Everyone that is interested in online gaming has probably seen it before; gaming emulators. These applications let you run popular gaming consoles on your PC or Android phone. Sadly, some of these emulators are fake and purely made to generate an income for the creator. A good example is PCSX4, which they claim is a ‘working’ PS4 Emulator. The only real emulator that currently exists is called Orbital, even though it cannot even run games yet.
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Testing Playstation 4 emulators
Currently, there are only a few ps4 emulators for PC and/or Android on the market. We will be testing the PCSX4, which has been claimed to be a scam according to multiple sources, and Orbital.
The PCSX4 is being called a fake Playstation 4 emulator, as we have read on Reddit and multiple other social media platforms. Today, we will be testing this emulator. This will include the steps we are taking including pictures of our actions.
Taking a look at their website
At first glance, this PS4 emulators’ website looks extremely professional. The homepage contains some text, an image and a good call-to-action button to download the emulator.
What surprised me was how far the owner of PCSX4 goes to try and scam their visitors. They have fake images, frequently asked questions and even video guides with impressive editing on how to install the emulator.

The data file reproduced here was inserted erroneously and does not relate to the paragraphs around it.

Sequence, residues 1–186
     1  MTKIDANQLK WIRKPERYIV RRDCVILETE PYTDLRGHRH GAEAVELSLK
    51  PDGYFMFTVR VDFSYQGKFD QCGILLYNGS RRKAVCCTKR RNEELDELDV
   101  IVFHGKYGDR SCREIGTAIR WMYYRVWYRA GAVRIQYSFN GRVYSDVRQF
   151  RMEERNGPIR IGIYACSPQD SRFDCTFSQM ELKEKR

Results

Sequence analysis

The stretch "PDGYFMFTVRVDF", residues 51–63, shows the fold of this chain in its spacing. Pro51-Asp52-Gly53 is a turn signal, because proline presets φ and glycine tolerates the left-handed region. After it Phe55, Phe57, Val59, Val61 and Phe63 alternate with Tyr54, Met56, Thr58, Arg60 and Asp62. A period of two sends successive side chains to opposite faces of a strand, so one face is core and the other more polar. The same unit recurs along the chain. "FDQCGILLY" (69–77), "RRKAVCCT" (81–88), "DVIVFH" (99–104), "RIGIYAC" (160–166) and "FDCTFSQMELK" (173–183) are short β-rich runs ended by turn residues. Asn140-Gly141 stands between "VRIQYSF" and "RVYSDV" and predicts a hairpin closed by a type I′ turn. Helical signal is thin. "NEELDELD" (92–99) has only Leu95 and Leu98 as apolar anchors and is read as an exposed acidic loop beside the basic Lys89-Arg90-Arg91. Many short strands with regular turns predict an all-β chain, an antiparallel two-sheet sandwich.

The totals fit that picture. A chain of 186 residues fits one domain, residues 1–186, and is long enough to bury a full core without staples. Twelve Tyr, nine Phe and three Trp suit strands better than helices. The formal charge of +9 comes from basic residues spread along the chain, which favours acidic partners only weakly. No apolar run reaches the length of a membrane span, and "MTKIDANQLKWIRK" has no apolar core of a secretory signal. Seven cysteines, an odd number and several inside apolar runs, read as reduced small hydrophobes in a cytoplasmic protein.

The only thing that I could spot which looks absolutely fake is their GitHub repository. Their repositories haven’t been updated in over a month, while the homepage shows that the latest update was today. Sounds very strange if you ask me.
Downloading their software
It got interesting real quick after I took an attempt at downloading their PS4 emulator. After I pressed the download button located on their homepage it asked me if I wanted to download for Windows or macOS. Here it also shows that the emulator was last updated today, which is not the case if we take a look at their GitHub. They most likely just use an easy PHP-function to display today’s date, another trick to improve their conversions.
What happened next did not surprise me at all; the good-old survey scam, also called ‘human verification’. The website will ask you to perform a quick human verification. Meanwhile, for every survey being filled out the website owner will receive a sum of money. This depends on the country but on average it will be $1-$2.
Knowing it’s a scam, I still wanted to know what happens after a survey has been completed. I clicked on the Red Bull giveaway offer and it asked me a lot of random questions such as ‘who is your current ISP’, which has nothing to do with ‘Red Bull’.
After completing the whole survey, which took about four minutes, nothing happened on the ps4 emulator website as I already expected. It just tries to get the users to fill out another survey.
After trying to download this ps4 emulator on my PC I can say it is a scam, even though they provide screenshots and videos that make this software look legit. The survey method has been used very often and is a big red flag. Also, the GitHub repository is what gave a red flag, next to the reviews I have read on other social media platforms.
Orbital (PS4 emulator)
Orbital is an experimental PlayStation 4 emulator, according to their official GitHub repository. It is actually possible to clone their repository and build the emulator. The only downside is that this emulator is not able to run any games yet.
According to their official website, it will be possible to play games on the emulator in 2049. I am not completely sure if that is a joke or that it will happen earlier, but this one is not a scam. On their GitHub, it is also possible to see what commits are being made by AlexAltea, which looks like the main developer of Orbital.